In summary, this project illustrated a framework for the data-driven discovery of clinical sub- groups for any forms of degenerative illnesses, in which longitudinal clinical scores can be summarized through function fitting, and the coefficients provide the features for subsequent unsupervised clustering. In applying the above to AD, we contributed to the refinement of quantitatively defined cognitive trajectories in AD. Such trajectory definition allows for a better understanding of AD-related cognitive decline, in which patients may decline linearly at different rates into dementia, or stay cognitively healthy into their old age. Importantly, such cognitive trajectories can also be predicted at early stages, using a combination of demographic, protein and genetic features. This can be used in addition to clinical diagnosis to provide greater insight for future AD risk, allowing for early-intervention at a stage where heavy neuronal damage has not yet occurred. This will help reduce the trauma of AD in our aging population and AD-related externalities.

Click image for larger version.

Figure 1: Visualization of cognitive scores (ADAS-13, MMSE, and MoCA) in each cluster, where clusters are generated in an unsupervised fashion using Hierarchical clustering on the linear coefficient fitted to each individual’s longitudinal cognitive scores. For each graph, the y-axis denotes the cognitive score value, while the x-axis denotes the time (in months) from baseline. Left figures show scatterplots of individual scores, while right figures show the averaged cluster score at each timepoint (band denotes standard deviation at that timepoint; line segments without band are timepoints with only a single datapoint). Different colours denote different cluster labels. The three sub-graphs show (A) ADAS-13 scores, (B) MMSE scores and (C) MoCA scores (note that a higher ADAS-13 score means more error and greater impairment, while a lower MMSE and MoCA indicate greater cognitive impairment). The clusters labels are indexed as 0: slow decline, 1: stable, and 2: rapid decline.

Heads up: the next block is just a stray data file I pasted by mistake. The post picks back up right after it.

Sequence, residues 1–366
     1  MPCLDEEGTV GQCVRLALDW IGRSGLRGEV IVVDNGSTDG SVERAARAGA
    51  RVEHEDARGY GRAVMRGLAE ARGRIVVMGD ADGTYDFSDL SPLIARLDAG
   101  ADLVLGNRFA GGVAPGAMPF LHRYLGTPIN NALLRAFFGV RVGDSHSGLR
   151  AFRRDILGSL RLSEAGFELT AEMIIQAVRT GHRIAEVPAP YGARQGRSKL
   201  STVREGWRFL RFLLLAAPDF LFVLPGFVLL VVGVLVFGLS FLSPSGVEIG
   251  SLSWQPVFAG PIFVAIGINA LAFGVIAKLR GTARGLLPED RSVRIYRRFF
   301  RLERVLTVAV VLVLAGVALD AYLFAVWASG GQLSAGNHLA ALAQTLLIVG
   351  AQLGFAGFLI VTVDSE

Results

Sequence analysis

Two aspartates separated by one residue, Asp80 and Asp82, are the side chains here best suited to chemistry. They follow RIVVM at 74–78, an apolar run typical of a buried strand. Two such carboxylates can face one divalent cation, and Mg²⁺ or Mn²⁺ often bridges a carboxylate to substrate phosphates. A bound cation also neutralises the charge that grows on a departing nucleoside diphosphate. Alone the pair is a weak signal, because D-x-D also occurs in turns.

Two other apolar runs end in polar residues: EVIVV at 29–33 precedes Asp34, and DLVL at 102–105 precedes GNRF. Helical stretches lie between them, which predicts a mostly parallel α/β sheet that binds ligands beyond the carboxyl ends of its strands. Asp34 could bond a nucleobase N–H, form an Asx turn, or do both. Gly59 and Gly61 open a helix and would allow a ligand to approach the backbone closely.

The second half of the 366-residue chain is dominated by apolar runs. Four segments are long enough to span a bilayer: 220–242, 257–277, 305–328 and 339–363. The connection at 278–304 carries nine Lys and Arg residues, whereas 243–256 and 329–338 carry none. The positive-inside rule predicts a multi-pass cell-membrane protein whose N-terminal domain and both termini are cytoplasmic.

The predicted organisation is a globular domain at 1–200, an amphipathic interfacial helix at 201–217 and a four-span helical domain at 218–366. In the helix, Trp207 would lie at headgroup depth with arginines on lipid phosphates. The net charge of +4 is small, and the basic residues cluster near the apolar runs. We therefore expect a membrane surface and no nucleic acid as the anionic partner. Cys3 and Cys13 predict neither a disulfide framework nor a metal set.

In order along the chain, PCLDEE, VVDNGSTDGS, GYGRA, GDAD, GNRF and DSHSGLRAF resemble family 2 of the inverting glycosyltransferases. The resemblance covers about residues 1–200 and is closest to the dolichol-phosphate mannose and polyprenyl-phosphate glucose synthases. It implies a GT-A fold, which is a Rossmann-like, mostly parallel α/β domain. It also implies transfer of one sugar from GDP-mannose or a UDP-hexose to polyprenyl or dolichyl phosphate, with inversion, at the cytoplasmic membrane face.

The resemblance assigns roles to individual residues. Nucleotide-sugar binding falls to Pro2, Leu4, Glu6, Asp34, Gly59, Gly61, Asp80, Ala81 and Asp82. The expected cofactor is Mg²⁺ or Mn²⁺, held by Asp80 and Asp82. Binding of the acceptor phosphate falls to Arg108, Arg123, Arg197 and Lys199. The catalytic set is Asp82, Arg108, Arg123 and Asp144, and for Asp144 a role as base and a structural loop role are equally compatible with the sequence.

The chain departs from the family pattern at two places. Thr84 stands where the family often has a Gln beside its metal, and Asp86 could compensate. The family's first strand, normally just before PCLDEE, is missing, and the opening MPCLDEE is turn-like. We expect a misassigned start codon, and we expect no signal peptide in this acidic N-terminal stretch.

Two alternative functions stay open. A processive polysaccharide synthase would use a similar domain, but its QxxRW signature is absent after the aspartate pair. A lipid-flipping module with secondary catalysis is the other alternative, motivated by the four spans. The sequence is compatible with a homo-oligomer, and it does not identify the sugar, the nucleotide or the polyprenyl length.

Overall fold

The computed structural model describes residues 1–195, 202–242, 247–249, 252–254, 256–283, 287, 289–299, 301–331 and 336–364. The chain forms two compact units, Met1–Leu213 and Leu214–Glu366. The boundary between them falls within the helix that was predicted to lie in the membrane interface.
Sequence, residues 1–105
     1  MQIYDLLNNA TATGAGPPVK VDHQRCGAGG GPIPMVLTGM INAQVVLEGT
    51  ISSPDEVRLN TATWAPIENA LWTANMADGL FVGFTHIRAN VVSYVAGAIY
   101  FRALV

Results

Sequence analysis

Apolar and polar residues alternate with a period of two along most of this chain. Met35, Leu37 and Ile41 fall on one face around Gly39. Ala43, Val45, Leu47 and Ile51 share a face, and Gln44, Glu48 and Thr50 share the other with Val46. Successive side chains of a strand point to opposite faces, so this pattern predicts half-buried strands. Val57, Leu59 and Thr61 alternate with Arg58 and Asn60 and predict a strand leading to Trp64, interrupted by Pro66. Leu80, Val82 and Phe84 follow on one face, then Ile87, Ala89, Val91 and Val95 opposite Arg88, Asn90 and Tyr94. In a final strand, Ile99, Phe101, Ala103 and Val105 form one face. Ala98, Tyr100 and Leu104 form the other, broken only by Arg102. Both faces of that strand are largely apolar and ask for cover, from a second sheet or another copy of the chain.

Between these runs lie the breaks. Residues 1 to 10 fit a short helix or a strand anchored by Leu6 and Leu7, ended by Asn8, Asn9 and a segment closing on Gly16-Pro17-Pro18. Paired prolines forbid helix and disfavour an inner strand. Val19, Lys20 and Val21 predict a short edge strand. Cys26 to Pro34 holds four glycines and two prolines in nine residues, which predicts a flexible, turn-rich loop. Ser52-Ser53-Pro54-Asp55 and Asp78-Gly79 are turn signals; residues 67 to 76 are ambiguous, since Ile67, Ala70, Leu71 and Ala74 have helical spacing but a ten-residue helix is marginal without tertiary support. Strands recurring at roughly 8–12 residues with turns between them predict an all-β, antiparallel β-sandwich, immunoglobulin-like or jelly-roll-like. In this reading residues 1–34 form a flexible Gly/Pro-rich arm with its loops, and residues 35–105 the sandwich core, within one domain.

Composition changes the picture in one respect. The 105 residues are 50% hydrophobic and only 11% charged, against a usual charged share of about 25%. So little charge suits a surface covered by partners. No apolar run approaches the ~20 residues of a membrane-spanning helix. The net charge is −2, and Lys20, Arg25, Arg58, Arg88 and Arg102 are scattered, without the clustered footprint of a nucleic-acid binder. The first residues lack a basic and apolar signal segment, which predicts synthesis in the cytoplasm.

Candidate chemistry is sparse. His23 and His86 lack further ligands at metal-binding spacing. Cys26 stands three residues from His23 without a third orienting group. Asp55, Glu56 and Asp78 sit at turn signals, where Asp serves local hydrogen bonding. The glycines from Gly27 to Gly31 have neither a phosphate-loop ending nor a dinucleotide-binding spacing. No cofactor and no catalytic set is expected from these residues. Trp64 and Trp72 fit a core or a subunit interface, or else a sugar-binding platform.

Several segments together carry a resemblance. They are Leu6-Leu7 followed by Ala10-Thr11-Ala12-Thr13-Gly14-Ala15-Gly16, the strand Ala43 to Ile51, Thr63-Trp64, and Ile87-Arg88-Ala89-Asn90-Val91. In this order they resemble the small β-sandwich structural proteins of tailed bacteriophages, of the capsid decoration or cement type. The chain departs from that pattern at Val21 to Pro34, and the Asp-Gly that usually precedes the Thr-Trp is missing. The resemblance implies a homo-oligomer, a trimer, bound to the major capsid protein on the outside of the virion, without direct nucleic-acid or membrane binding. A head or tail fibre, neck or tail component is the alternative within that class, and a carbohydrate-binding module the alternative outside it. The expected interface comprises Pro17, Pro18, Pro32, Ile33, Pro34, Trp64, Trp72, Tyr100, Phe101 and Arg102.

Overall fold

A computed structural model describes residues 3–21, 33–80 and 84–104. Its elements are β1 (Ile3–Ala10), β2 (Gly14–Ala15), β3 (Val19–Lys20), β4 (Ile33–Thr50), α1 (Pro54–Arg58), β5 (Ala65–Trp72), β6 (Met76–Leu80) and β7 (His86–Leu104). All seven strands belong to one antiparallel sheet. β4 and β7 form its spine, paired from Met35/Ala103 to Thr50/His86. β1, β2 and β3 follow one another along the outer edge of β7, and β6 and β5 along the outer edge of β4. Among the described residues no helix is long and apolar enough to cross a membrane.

Work Cited

  1. Alzheimer Association. 2017 Alzheimer’s disease facts and figures. Alzheimer’s Dement [Internet]. 2017;13(4):325–73. Available from: http://dx.doi.org/10.1016/j.jalz.2017.02.001
  2. Jack CR, Bennett DA, Blennow K, Carrillo MC, Dunn B, Haeberlein SB, et al. NIA-AA Research Framework: Toward a biological definition of Alzheimer’s disease. Alzheimer’s and Dementia. 2018.
  3. Bature F, Guinn BA, Pang D, Pappas Y. Signs and symptoms preceding the diagnosis of Alzheimer’s disease: A systematic scoping review of literature from 1937 to 2016. BMJ Open. 2017;7(8).
  4. Bhagwat N, Viviano JD, Voineskos AN, Chakravarty MM, Initiative ADN. Modeling and prediction of clinical symptom trajectories in Alzheimer’s disease using longitudinal data. PLOS Comput Biol [Internet]. 2018;14(9):e1006376. Available from: http://dx.plos.org/10.1371/journal.pcbi.1006376